This is similar to our examples of short selling thus far. For example, a speculator believes that Meta, trading at $200 per share, is overvalued and will likely see its stock price decline in the coming months. The speculator borrows shares of Meta and sells them at the current market price of $200. A few months later, as anticipated, the stock falls to $125 per share. The speculator then buys back the same number of shares at this lower price to return them to the lender, profiting from the difference of $75 per share.
This time, the investor holds a significant number of Meta shares. Say the company has been performing well and currently trades at $200 per share. The investor expects short-term market volatility that might cause a temporary drop in Meta's stock price but does not want to sell the shares as part of a long-term strategy. To protect the portfolio, the investor short sells shares of Meta as a hedge. If its price drops, the loss in the investor's long position will be offset by gains in the short position, thus reducing the overall loss in their portfolio. When the market stabilizes, the investor can close the short position by buying back the shares while maintaining their long-term position in Meta.
Experienced investors frequently engage in short selling for both purposes simultaneously. Hedge funds are among the most active short sellers and often use shorts in select stocks or sectors to hedge their long positions in other stocks.
When Does Short Selling Make Sense?
Buying stocks is less risky than short selling for the typical investor with a long-term investment horizon. Short selling isn't a strategy used in most trades because stocks are expected to follow past performance and rise over time. Nevertheless, economic history has been punctuated by bear markets when stocks tumble significantly.
Short selling makes sense for investors convinced that a stock's price will decline. There could be many reasons for that view—anticipated negative company news, like the expectation that a drug company's main medication won't pass its medical trials; overvaluation based on fundamental analysis; broader market or sector downturns; or simply the consideration that a much-hyped stock or sector can only fly high for so long. However, short selling carries a high risk since losses can be unlimited if the stock price continues to rise. Short sellers can't just invest and try to forget their positions, as long-term investors can do. They have to monitor their positions closely and be prepared for a short squeeze, which can lead to rapid losses. Only advanced investors with a high risk tolerance and an understanding of the risks associated with short selling should attempt it.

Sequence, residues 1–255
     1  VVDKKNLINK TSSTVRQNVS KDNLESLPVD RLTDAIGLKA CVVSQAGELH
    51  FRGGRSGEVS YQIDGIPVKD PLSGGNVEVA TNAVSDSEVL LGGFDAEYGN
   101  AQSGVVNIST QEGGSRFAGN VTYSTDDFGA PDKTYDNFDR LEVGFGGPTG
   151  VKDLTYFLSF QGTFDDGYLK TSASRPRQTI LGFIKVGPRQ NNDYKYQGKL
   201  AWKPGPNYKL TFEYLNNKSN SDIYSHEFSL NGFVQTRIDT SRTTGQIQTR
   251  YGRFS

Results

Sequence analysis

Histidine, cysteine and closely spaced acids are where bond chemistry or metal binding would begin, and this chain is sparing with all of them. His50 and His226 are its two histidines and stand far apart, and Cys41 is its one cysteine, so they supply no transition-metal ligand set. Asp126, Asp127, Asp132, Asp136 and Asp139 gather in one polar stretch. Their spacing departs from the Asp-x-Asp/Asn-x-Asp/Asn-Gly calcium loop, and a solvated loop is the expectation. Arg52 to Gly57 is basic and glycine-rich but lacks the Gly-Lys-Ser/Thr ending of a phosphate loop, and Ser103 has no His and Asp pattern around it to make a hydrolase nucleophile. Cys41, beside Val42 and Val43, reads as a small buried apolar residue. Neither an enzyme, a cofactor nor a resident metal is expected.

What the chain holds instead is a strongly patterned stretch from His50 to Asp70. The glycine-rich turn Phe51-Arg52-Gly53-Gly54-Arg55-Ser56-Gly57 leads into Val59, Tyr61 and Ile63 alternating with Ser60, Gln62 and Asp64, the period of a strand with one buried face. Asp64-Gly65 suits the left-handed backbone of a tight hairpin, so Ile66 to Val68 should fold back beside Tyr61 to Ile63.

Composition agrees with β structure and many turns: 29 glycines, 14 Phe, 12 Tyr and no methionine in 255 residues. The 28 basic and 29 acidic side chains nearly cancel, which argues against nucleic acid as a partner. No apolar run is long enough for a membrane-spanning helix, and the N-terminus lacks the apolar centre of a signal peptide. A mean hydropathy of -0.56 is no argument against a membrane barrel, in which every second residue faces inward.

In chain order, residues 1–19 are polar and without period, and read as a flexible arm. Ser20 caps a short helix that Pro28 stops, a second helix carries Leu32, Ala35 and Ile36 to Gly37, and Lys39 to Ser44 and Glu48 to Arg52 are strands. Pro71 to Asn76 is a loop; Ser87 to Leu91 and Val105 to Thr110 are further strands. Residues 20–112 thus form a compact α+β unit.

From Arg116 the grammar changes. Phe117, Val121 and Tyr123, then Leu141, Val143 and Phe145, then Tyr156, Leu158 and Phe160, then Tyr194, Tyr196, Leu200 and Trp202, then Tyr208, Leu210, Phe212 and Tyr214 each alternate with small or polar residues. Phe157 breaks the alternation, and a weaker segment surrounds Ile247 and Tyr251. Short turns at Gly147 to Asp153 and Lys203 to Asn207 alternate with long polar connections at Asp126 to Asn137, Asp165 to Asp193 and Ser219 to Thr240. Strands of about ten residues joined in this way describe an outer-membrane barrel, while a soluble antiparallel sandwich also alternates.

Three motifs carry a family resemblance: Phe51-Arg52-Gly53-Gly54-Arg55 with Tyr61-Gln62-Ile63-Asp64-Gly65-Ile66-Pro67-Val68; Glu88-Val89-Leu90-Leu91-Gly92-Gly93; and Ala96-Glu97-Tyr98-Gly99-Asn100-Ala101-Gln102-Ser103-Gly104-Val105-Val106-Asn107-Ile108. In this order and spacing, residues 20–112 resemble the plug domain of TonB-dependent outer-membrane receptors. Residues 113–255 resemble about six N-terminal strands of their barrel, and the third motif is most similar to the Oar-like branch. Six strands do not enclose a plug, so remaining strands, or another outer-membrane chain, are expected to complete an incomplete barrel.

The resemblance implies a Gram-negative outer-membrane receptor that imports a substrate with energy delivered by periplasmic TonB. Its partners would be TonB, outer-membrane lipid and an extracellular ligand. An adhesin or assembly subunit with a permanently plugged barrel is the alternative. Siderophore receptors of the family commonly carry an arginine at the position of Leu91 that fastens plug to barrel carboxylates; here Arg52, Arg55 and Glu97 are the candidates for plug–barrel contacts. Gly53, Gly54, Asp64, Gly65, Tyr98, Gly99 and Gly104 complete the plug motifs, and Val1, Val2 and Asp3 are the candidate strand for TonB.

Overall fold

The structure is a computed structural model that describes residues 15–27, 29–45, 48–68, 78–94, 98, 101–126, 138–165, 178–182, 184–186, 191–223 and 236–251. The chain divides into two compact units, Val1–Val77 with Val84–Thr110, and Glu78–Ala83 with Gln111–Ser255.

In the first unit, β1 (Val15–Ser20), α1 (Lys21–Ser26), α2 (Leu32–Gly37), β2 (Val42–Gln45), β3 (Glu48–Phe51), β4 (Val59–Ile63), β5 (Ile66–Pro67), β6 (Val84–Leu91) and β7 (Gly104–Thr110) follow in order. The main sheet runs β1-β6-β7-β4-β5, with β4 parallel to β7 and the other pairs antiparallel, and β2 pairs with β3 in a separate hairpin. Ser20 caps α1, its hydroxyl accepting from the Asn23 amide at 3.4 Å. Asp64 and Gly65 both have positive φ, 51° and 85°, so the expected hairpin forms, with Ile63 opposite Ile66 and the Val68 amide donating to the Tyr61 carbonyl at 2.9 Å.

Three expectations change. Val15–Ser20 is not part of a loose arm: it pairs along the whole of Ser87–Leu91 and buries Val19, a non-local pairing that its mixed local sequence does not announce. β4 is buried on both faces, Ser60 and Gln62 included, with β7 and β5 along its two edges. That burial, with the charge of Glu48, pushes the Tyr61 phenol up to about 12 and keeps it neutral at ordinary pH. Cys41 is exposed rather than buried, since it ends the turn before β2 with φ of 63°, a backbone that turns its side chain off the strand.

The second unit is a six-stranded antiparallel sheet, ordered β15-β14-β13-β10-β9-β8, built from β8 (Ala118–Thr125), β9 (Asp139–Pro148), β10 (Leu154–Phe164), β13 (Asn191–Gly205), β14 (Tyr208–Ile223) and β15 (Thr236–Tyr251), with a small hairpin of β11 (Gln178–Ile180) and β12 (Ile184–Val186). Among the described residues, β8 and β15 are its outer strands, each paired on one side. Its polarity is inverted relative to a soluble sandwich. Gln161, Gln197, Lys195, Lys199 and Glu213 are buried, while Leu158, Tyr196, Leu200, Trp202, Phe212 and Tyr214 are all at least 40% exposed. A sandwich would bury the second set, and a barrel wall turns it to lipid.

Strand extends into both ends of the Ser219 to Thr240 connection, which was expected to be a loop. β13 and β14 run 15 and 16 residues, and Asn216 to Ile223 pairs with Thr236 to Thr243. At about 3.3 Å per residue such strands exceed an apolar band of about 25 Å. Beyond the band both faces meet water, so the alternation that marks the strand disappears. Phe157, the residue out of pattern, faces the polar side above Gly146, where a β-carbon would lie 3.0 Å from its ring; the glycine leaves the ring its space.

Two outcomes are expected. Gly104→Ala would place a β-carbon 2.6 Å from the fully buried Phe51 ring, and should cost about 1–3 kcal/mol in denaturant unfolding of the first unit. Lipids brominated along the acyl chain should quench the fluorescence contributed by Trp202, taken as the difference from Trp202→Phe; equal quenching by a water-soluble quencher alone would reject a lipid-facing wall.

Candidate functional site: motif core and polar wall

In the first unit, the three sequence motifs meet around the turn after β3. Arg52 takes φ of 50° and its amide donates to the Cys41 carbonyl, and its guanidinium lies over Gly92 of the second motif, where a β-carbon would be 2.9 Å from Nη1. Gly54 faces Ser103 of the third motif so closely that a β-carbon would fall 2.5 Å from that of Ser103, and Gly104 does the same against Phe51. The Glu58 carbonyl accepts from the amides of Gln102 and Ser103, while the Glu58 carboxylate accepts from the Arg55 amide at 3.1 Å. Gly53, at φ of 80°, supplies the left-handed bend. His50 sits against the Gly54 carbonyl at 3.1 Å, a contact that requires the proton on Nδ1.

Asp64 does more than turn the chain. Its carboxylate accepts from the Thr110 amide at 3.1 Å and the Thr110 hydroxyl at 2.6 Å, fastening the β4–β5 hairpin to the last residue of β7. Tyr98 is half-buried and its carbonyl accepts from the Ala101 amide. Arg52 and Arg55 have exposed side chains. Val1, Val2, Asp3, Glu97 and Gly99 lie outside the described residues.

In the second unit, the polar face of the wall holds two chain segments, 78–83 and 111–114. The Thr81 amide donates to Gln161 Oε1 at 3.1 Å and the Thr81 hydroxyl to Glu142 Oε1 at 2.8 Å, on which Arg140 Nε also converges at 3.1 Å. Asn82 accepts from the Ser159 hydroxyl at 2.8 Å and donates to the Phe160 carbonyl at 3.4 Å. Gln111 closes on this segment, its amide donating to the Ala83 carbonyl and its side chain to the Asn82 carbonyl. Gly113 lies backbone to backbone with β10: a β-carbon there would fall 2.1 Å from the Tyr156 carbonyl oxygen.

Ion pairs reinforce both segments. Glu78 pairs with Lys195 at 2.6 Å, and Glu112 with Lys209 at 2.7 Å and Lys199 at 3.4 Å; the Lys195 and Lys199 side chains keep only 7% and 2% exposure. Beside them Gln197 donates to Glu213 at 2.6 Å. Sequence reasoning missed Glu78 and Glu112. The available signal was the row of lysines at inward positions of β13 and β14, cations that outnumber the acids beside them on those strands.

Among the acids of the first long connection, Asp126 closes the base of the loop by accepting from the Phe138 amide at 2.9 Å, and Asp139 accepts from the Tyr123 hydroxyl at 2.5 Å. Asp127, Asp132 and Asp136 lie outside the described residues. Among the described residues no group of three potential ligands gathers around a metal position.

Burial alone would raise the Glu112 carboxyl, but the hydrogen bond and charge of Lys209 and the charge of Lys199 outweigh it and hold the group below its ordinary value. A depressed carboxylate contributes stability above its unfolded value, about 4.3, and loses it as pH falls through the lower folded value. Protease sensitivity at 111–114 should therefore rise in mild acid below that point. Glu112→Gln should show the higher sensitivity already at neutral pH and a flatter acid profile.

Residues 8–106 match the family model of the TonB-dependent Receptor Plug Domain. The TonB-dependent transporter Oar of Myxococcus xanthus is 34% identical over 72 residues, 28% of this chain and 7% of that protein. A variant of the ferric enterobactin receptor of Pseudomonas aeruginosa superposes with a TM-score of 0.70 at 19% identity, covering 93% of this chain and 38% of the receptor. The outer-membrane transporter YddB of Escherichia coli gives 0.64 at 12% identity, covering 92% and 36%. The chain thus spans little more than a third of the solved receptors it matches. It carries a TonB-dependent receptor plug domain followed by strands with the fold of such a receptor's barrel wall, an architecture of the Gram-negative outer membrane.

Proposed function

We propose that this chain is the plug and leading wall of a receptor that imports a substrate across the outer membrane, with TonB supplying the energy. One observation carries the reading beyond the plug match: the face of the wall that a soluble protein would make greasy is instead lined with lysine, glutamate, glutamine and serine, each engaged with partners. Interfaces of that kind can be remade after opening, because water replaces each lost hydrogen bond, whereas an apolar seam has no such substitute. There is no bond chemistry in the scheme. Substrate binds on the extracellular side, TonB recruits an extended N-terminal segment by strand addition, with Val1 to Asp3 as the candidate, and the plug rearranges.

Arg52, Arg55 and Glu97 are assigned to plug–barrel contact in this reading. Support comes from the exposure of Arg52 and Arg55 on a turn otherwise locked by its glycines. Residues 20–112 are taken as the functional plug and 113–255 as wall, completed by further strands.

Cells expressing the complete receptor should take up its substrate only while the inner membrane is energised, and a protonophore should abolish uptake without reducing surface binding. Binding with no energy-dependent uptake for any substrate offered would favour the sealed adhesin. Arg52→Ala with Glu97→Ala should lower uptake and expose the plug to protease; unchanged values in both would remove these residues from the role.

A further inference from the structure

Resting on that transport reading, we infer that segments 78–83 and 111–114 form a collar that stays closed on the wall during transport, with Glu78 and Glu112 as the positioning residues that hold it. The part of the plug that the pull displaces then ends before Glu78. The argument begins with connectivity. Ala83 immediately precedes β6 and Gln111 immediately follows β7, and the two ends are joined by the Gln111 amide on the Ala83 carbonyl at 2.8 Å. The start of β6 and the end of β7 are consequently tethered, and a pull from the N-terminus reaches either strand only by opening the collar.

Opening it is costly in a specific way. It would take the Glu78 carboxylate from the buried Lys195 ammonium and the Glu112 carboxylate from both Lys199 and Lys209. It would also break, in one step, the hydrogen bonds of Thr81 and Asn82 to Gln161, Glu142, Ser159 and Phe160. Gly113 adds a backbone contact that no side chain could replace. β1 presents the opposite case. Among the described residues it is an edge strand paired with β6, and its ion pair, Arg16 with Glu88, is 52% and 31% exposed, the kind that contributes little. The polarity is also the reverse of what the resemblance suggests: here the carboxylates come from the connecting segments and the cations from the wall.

Restrictions on Short Selling
Short selling has always faced detractors who chafe at the idea of people profiting from the misery or losses of others. Shorting has also been blamed for market crashes since it can increase volatility. The U.S. regulates short selling to ensure market integrity and protect investors. Here are some of the key rules:
The Alternative Uptick Rule
In 1938, the Securities and Exchange Commission (SEC) enacted its uptick rule, designed to promote market stability and answer to charges that shorting helped bring about the market crash almost a decade earlier. This rule allowed short selling of a stock only on an uptick, meaning the sale price had to be higher than the last. Simply put, you could only short stocks going up in price.
However, the SEC removed the uptick rule in 2007 and introduced its alternative uptick rule in 2010, after the 2007-2008 financial crisis. The alternative goes into effect when the price of a security has droppedby 10% or more from the previous day's closing price. Short selling is permitted at this point only if the price is above the currentbest bid. The alternative uptick rule generally applies to all securities and stays in effect for the rest of the day and the following trading session.